From the moment we arrived on the verdant almond-shaped Caribbean island of St. Lucia, lying in the Windward Islands between Martinique and St. Vincent, I was enchanted by the scenery. The island is a marvelous natural museum, once called "God's own garden," with dense rain forests, rich green valleys, towering twin conical volcanic peaks (the Pitons), mineral baths, bubbling sulfur springs, waterfalls, palm-fringed beaches, and exotic wildflowers.
My first view of St. Lucia included rows of broad-leafed banana plants as well. They cover the hills and valleys. Small wooden houses are surrounded by their own groves. Smiling boys along the roadside display bunches of bananas for sale. Throughout my visit, I bought fascinating varieties at local markets and even along the beaches. Bananas are the main crop, primary industry, and major export, which is why they are called "green gold."
Bananas are known locally as figs and, as the St. Lucians say, they are on every plate, in every pot, and behind every bar. A great variety of culinary specialties can be made with ripe bananas, green bananas, and plantains (cooking bananas)--all mainstays of the island's diet.
One of the best ways to learn about bananas is to visit the banana plantations. The island's three largest are Cul-de-Sac, just north of Marigot Bay on the west coast; Roseau, south of the bay; and Dennery, on the east coast. Visitors there can get a glimpse of the activities of a typical "banana day." The bananas on the trees are covered with large plastic bags, usually bright blue, which protect them from insects and birds while allowing the sunlight in. Within nine to twelve months, the heavy stems are ready for harvesting, which takes place while the fruit is still green. Tree-ripened bananas are tasteless and have a cottony texture.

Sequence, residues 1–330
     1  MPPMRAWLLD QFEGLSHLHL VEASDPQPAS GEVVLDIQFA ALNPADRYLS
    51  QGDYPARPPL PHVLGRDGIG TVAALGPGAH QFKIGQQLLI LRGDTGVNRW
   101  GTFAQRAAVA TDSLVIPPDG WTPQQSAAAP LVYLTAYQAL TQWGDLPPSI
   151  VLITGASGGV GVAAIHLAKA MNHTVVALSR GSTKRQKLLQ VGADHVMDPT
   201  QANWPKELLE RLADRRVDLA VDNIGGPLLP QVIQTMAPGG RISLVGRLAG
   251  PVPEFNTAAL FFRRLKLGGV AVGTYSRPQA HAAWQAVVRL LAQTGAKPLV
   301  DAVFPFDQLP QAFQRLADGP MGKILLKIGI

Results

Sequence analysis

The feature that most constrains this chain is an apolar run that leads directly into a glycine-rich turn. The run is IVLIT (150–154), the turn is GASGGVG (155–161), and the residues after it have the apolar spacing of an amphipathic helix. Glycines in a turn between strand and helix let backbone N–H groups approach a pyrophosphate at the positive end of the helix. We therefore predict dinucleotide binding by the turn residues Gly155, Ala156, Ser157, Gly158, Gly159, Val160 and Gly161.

On St. Lucia, three main kinds of bananas are cultivated commercially: the valery, the robusta, and the giant Cavendish. Windward Island bananas, which are grown by independent farmers on the islands of Dominica, St. Vincent, Grenada, and St. Lucia (the largest producer) are smaller, sweeter, and tastier than bananas grown in other areas.
Although bananas are now a staple food in St. Lucia, the local cuisine developed long before their arrival following World War I. Many of the traditional dishes include root vegetables and spices introduced by the Arawak and Carib Indians, the marvelous local seafood, native fruits, and techniques and influences from English, French, Indian, and African cuisine. This blending of culinary inheritances has resulted in a magical spicy version of Creole cooking.
St. Lucian cooks use green bananas and plantains in appetizers, soups and stews, casseroles, curries, salads, and as a starchy vegetable. The island's national dish, green fig salad, is made with cooked unripe bananas and salt codfish. The ripe sweet banana is an important ingredient in cold soups, salads, jams, chutneys, breads, and all kinds of delectable desserts--cakes, crumbles, fritters, pies, puddings, sweet omelets, and ice cream.
A good place to get an idea of the variety of bananas and the diversity of the island's other foods is
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